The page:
Germany this week took its turn to appease and assure the South Caucasus about the European Union’s integration intentions by sending its top diplomat to the topsy-turvy region. Given Germany’s standing within the European Union and its structures, Frank-Walter Steinmeier came to the region not just as German foreign minister, but also as a key decision-maker for EU-South Caucasus ties.
As is par for the course with high-profile Western visitors to the region, German Foreign Minister Frank-Walter Steinmeier’s visit was a triple-header. He zigzagged from Yerevan to Baku, and from Baku to Tbilisi on June 29, 30 and July 1, respectively. As also is usually the case with visiting Western diplomats, Steinmeier urged restraint on warring Armenia and Azerbaijan in the Nagorno-Karabakh conflict zone, and patience on Euro-Atlantic-community hopeful Georgia.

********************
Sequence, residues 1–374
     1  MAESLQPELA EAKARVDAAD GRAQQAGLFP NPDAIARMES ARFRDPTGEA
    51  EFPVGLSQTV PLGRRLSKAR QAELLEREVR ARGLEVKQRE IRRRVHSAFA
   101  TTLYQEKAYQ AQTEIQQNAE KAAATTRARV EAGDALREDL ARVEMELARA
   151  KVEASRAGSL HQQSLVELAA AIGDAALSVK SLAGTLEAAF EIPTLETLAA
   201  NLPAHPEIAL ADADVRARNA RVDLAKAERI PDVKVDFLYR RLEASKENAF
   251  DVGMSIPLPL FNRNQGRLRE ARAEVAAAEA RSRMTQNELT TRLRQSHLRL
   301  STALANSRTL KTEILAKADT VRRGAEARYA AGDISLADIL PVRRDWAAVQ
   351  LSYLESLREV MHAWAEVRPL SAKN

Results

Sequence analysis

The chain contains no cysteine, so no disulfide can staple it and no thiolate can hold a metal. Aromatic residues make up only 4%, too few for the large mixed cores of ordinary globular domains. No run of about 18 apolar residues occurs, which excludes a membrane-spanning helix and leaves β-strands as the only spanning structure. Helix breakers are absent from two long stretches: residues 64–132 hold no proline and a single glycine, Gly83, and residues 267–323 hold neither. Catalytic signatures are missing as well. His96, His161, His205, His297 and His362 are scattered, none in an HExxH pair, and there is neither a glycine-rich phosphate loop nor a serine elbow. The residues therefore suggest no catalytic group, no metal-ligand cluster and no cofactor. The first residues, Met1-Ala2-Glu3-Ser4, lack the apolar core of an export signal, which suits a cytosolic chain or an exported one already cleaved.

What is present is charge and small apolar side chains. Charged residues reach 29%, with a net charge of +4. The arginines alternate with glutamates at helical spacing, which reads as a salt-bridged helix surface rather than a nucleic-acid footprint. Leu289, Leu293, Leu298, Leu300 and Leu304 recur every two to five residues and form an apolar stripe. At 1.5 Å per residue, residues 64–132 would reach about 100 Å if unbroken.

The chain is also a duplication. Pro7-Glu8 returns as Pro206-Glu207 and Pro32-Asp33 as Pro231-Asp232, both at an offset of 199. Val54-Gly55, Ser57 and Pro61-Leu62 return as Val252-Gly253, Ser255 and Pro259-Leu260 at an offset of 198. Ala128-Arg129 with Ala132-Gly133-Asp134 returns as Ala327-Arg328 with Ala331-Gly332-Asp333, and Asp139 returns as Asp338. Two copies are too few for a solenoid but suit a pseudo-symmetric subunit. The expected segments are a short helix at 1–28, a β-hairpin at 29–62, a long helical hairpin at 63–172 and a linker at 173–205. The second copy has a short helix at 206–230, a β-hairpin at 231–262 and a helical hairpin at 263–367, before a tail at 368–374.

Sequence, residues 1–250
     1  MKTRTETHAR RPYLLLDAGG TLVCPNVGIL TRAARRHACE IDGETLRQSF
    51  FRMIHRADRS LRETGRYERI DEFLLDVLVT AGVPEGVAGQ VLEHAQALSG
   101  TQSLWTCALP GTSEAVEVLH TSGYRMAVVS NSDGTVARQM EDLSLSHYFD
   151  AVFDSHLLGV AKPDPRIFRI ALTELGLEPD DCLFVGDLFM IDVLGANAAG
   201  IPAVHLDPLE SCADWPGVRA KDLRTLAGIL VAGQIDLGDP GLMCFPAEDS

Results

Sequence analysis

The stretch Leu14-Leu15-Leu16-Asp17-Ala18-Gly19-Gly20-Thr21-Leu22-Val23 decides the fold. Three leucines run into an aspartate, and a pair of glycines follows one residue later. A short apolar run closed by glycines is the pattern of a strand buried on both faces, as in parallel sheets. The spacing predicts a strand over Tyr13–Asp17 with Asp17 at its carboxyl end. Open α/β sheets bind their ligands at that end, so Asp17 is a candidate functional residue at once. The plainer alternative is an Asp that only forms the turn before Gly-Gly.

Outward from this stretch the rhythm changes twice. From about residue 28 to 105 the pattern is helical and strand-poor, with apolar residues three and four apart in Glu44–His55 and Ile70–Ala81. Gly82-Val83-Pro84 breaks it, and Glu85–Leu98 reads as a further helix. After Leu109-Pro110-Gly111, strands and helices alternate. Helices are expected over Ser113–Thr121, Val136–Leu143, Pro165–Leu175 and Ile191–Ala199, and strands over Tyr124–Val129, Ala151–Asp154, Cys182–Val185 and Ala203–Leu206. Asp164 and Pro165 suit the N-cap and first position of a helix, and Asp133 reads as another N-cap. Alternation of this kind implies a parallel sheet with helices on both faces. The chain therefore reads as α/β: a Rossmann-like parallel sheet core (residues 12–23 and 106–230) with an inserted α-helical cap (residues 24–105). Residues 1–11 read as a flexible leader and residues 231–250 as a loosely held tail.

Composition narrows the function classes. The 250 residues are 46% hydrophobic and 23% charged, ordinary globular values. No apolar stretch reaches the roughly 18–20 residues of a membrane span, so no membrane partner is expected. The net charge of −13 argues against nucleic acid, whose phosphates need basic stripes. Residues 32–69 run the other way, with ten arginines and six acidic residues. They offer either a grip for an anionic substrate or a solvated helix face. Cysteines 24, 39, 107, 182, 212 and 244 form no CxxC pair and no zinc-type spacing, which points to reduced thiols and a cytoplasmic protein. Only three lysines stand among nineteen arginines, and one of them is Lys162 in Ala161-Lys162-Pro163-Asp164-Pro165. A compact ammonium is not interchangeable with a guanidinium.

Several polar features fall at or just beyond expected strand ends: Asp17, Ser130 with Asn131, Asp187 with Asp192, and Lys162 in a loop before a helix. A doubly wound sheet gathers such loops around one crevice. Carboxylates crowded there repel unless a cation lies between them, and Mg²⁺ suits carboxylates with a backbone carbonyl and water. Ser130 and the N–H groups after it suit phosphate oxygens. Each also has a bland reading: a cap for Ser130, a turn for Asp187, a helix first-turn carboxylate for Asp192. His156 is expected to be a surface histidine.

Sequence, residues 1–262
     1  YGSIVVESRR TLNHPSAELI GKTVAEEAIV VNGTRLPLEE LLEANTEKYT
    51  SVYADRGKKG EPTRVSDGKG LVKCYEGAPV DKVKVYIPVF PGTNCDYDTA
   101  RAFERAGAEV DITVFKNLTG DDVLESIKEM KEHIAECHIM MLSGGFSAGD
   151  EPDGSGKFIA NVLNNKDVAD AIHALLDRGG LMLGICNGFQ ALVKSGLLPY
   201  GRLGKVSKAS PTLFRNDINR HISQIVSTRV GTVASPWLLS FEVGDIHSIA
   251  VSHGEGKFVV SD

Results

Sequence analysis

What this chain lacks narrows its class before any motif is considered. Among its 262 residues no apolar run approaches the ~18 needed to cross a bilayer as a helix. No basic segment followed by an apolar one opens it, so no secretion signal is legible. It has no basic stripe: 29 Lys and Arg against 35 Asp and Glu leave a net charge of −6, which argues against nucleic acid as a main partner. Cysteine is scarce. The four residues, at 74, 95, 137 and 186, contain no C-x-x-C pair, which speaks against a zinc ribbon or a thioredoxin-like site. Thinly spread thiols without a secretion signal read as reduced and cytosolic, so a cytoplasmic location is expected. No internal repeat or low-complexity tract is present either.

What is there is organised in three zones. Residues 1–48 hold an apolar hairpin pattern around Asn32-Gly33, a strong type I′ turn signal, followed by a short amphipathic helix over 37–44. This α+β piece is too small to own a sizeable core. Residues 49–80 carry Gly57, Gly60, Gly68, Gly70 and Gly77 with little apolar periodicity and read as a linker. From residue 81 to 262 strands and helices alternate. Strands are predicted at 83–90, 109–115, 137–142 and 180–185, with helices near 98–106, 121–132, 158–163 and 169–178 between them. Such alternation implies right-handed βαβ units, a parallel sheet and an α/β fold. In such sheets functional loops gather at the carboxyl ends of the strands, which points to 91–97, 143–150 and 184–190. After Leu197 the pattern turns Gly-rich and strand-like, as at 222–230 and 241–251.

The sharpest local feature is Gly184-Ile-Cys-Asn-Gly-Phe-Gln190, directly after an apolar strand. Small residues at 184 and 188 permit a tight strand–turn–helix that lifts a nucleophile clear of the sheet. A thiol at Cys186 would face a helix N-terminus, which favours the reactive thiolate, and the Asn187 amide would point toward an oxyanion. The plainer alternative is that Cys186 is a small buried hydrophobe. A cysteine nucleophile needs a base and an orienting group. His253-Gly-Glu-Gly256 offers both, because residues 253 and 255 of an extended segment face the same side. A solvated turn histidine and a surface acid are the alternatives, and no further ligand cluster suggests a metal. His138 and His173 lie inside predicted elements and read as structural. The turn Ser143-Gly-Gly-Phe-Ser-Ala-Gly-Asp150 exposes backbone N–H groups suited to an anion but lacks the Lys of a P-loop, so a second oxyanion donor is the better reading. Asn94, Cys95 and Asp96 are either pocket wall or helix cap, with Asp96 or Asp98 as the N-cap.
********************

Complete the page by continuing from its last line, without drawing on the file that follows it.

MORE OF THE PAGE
On both of these counts, Germany holds a special role. Germany’s imprimatur is seen as decisive for granting Georgians much-desired visa-free access to the EU. Germany now holds the rotating presidency of the Organization for Security and Cooperation in Europe (OSCE), the continent’s top security and democracy-assurance body involved in negotiations and the monitoring of a ceasefire between Armenia and Azerbaijan.
Steinmeier urged a greater role for the OSCE in the conflict-resolution effort, which Russia has pretty much dominated in the wake of April’s Four Day War, the deadliest flare-up of Armenian-Azerbaijani hostilities since the 1994 ceasefire.
Brexit is seen as a win for Russia over the European Union in countries wedged between the two powers. The British decision to leave the EU may be primarily a European affair, but its repercussions have rippled into the EU’s so-called Eastern Neighborhood, a longtime sparring ground for Brussels and Moscow.
“Great, now there is plenty of room for us,” many joked in Georgia, a longtime aspirant for EU membership and signatory of a 2014 Association Agreement with the bloc. For all the online giggling about the “United Yet Breakaway Kingdom” and how Georgia should sneak into the EU unnoticed while the door is still open, the South Caucasus country knows that the “out vote” was a blow to its EU hopes.